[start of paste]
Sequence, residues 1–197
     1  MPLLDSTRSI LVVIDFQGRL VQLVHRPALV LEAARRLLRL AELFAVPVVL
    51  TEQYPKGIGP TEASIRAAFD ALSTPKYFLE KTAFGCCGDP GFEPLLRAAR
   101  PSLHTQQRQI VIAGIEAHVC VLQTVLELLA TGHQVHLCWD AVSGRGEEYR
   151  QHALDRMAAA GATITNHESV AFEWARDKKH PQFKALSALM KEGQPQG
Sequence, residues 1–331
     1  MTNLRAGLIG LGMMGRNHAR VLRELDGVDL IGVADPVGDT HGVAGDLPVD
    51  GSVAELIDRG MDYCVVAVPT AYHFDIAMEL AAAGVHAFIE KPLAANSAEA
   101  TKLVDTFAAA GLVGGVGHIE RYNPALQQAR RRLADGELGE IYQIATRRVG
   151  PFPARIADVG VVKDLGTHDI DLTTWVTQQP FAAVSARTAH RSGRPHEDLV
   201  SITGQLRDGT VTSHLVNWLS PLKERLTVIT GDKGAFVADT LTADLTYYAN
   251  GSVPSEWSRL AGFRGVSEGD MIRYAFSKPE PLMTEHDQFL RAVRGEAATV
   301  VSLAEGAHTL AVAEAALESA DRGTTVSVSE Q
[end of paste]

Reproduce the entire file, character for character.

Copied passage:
Sequence, residues 1–197
     1  MPLLDSTRSI LVVIDFQGRL VQLVHRPALV LEAARRLLRL AELFAVPVVL
    51  TEQYPKGIGP TEASIRAAFD ALSTPKYFLE KTAFGCCGDP GFEPLLRAAR
   101  PSLHTQQRQI VIAGIEAHVC VLQTVLELLA TGHQVHLCWD AVSGRGEEYR
   151  QHALDRMAAA GATITNHESV AFEWARDKKH PQFKALSALM KEGQPQG
Sequence, residues 1–331
     1  MTNLRAGLIG LGMMGRNHAR VLRELDGVDL IGVADPVGDT HGVAGDLPVD
    51  GSVAELIDRG MDYCVVAVPT AYHFDIAMEL AAAGVHAFIE KPLAANSAEA
   101  TKLVDTFAAA GLVGGVGHIE RYNPALQQAR RRLADGELGE IYQIATRRVG
   151  PFPARIADVG VVKDLGTHDI DLTTWVTQQP FAAVSARTAH RSGRPHEDLV
   201  SITGQLRDGT VTSHLVNWLS PLKERLTVIT GDKGAFVADT LTADLTYYAN
   251  GSVPSEWSRL AGFRGVSEGD MIRYAFSKPE PLMTEHDQFL RAVRGEAATV
   301  VSLAEGAHTL AVAEAALESA DRGTTVSVSE Q